Nic is generally in charge of booking our travel, and he had been especially pleased with himself for the Atlanta journey as it was free; not just the usual $1 for getting in quick on the megabus, but actually completely free for both of us. And being an overnighter, we saved on accommodation too. I think he was right to feel pleased.
We had a reasonably inexpensive hotel booked, that turned out to be very nice. Not least because although we arrived at around 8am, some seven hours early for checkin, they not only gave us a room straight away, but they also upgraded us and let us have breakfast there too. This was great, because while overnight buses are great for the budget, they aren't quite so good for ones sleep. So we had a couple of hours sleep before heading out to explore.
We were in quite a nice area for a few cafes and restaurants, so we tried a few of those during our stay, but we also checked out the nearby Jimmy Carter Presidential Center.
Now I can't say that I knew a great deal about Jimmy Carter other than he was president and he was involved in some peace negotiations. And to be honest, I wasn't really sure that I was very interested in knowing any more than that.
But in fact I was glad we went. It was really quite interesting, and I found a new respect for Mr Carter. The son of a peanut farmer in Plains Georgia, James Earl Carter was born on 1 October 1924 and grew up with his white parents and black farm staff and their children. His father, despite treating his workers well, was a supporter of the racial segregation of the time, whilst his mother favoured ending it.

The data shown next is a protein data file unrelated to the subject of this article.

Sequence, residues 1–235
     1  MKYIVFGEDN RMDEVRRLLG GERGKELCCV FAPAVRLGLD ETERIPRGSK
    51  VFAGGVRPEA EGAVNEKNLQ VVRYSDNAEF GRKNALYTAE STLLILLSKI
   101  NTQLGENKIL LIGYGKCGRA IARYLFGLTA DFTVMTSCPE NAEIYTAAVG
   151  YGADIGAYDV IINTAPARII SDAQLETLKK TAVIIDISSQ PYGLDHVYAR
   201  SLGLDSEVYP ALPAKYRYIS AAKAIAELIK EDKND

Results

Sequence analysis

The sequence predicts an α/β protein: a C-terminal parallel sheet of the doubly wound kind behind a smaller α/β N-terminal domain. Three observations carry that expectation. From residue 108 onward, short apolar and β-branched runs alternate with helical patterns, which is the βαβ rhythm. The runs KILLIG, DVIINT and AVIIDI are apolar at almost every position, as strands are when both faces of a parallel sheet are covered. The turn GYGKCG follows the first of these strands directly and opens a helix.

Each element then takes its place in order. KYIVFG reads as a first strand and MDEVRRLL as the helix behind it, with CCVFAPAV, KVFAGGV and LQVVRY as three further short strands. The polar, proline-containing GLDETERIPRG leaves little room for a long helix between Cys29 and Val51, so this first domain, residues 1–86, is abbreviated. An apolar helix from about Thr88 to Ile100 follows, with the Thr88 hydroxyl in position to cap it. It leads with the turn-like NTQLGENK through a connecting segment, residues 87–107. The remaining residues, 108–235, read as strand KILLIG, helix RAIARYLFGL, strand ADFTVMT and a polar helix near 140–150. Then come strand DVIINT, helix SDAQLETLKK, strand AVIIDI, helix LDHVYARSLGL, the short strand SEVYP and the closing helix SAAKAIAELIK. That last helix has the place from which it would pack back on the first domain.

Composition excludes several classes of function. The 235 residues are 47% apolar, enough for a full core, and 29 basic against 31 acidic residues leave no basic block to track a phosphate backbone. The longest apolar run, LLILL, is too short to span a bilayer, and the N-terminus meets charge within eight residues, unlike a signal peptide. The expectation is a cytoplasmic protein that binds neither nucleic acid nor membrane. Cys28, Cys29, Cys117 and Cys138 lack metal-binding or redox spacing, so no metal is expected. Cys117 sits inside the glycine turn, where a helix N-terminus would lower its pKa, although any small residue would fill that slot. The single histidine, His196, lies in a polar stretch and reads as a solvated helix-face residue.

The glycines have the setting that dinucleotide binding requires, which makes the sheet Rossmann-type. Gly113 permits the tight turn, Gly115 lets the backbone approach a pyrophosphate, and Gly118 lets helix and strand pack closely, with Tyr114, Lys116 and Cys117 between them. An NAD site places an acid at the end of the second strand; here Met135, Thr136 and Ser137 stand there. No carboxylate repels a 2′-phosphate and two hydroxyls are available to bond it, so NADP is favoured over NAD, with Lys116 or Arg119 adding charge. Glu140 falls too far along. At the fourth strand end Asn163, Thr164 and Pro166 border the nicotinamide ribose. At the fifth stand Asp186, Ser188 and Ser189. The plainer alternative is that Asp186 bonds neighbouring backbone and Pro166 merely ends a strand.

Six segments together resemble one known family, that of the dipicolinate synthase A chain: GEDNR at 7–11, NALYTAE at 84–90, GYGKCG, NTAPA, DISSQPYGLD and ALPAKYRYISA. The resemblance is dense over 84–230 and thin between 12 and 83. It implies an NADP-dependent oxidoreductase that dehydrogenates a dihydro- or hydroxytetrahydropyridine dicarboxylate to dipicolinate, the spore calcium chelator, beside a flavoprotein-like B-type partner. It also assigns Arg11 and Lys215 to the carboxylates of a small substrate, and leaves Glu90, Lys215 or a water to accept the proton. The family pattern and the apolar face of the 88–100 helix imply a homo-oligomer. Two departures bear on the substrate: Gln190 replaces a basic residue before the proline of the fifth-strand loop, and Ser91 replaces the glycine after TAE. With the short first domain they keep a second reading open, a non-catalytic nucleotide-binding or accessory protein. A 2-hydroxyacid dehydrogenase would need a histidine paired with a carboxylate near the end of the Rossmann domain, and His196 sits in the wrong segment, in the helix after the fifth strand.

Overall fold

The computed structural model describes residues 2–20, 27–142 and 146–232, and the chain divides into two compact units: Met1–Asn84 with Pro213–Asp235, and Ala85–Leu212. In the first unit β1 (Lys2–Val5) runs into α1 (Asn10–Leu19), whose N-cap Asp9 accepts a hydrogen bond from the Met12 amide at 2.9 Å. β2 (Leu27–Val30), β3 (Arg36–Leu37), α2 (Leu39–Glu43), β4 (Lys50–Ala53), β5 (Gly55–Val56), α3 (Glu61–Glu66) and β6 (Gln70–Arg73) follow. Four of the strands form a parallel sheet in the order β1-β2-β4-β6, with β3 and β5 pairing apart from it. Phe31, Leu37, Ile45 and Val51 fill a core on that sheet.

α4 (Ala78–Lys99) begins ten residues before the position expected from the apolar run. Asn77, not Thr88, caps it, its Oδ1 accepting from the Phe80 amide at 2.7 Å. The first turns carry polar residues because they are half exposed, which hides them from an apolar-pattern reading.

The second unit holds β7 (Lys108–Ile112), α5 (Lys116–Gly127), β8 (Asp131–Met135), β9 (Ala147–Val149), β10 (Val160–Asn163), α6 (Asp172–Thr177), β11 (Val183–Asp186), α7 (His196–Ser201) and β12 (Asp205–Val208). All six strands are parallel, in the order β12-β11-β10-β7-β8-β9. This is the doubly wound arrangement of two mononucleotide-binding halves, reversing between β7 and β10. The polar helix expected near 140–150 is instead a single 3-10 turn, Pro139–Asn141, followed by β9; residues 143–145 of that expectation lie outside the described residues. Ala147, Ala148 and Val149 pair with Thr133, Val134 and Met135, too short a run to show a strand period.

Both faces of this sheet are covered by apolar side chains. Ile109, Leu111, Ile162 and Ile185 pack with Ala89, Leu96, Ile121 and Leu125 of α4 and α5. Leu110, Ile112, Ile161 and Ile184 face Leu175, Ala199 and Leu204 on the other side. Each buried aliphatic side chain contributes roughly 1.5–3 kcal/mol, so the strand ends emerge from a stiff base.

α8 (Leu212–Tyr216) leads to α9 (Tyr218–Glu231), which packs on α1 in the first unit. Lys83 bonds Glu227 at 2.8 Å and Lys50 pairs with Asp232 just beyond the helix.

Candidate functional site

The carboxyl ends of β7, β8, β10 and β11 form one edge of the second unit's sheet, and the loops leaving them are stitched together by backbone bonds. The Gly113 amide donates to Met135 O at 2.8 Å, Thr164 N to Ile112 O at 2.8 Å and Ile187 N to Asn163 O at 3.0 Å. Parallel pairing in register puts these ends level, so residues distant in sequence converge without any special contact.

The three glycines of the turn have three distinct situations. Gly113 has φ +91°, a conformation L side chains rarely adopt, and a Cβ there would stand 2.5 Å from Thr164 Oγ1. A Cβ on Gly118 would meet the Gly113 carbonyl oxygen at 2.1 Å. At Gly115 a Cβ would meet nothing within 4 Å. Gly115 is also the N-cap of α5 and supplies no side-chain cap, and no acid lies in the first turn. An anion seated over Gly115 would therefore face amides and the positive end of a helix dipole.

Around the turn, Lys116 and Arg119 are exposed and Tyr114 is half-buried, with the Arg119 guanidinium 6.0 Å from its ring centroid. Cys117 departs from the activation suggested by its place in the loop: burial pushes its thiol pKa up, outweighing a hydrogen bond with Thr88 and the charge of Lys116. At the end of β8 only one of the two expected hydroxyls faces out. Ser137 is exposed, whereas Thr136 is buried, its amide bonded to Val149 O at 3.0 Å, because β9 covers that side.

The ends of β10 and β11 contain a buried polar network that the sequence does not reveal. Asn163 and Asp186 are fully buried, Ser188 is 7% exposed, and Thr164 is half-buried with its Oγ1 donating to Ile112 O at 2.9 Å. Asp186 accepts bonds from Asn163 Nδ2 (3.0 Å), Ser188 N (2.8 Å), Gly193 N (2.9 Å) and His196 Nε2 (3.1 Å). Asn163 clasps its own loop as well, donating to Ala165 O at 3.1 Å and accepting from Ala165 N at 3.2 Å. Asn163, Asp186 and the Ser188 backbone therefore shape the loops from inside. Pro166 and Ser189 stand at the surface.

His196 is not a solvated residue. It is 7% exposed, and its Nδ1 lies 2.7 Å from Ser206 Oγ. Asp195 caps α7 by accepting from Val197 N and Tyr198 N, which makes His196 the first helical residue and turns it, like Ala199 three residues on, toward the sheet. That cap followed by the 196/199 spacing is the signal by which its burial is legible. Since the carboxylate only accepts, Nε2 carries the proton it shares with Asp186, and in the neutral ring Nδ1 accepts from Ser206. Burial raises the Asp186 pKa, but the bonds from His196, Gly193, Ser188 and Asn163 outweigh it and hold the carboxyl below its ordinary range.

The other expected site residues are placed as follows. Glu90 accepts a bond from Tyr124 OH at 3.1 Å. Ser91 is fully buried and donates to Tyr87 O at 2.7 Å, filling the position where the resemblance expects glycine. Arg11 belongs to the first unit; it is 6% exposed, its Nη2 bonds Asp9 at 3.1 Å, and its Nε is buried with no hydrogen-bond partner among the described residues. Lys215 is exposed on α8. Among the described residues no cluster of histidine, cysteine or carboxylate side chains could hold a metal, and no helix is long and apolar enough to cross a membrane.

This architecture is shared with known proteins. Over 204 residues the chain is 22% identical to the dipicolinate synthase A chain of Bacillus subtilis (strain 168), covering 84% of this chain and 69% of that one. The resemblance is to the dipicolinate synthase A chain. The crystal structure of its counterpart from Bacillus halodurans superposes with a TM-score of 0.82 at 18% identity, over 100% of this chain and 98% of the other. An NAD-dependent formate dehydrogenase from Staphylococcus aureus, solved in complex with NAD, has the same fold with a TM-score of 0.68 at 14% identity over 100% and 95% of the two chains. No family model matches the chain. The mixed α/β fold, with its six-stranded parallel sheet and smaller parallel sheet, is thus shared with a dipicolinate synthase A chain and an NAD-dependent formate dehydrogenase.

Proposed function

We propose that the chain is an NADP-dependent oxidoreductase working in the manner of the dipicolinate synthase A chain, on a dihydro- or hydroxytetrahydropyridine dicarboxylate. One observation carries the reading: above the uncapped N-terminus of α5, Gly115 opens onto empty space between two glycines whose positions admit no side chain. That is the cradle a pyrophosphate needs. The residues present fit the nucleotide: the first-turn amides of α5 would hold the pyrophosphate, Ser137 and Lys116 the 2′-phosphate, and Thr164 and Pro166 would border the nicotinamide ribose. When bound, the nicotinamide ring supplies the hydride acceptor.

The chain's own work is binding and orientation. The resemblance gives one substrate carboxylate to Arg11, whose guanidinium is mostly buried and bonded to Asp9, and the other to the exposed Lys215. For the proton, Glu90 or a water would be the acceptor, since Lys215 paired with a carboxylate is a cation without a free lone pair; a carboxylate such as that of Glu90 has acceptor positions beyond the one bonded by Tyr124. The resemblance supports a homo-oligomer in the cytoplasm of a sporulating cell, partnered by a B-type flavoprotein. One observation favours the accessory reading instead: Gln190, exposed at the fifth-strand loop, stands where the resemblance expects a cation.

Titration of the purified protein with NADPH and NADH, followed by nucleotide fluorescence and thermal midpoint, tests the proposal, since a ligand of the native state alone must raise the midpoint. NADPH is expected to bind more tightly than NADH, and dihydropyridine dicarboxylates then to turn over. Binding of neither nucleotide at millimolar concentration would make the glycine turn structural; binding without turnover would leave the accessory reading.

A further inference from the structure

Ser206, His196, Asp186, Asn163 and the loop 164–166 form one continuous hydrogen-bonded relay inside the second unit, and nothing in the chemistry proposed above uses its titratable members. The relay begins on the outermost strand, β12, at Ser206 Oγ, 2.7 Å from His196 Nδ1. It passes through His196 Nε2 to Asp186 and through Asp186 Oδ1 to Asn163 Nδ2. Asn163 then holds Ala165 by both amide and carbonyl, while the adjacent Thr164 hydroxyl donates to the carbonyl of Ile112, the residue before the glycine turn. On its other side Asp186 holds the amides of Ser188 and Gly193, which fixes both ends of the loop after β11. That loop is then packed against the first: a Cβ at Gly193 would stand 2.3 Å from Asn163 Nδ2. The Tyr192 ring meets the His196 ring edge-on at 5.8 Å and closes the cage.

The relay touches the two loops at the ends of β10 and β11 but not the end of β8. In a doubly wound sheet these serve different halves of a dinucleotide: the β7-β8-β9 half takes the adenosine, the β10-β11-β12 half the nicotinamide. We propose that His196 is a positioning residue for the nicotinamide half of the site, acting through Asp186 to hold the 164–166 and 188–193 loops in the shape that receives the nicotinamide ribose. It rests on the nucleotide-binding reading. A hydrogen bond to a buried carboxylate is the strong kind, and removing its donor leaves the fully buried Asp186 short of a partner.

Carter followed his mother's lead. Having left his naval career to go back to help his family run the peanut farming business, he was drawn to leave that and go into politics when the governor at the time was seeking to retain segregation in schools. And throughout his political career he worked to achieve better racial integration.
Whilst the symbol of his presidential campaign may have been the peanut, his promises were about bringing about change and being honest with the people. Feelings are, of course mixed about whether this is something he achieved.
He appeared to be a 'man of the people', the first to do walkabouts again following the increased security after the assassination of President Kennedy, and carrying his own bags. But then it is said by some that he was ignorant to his staff and that the bag he carried was often empty, with the real weight being taken by others.
He did achieve a ratification of the Panama Canal Treaties and finalised a nuclear arms limitation treaty with the Soviet Union. And he is probably best known for his work on resolving conflicts, in particular obtaining the Camp David peace agreement between Egypt and Israel. His work on negotiating peaceful resolutions is the one area that everyone seems to agree he did well.
And that work did not end with his presidency. Together with his wife, he established the Carter Center, dedicated to preventing and resolving conflicts and improving health throughout the world. The centre gives an excellent insight into their work.
|Nobel Peace Prize|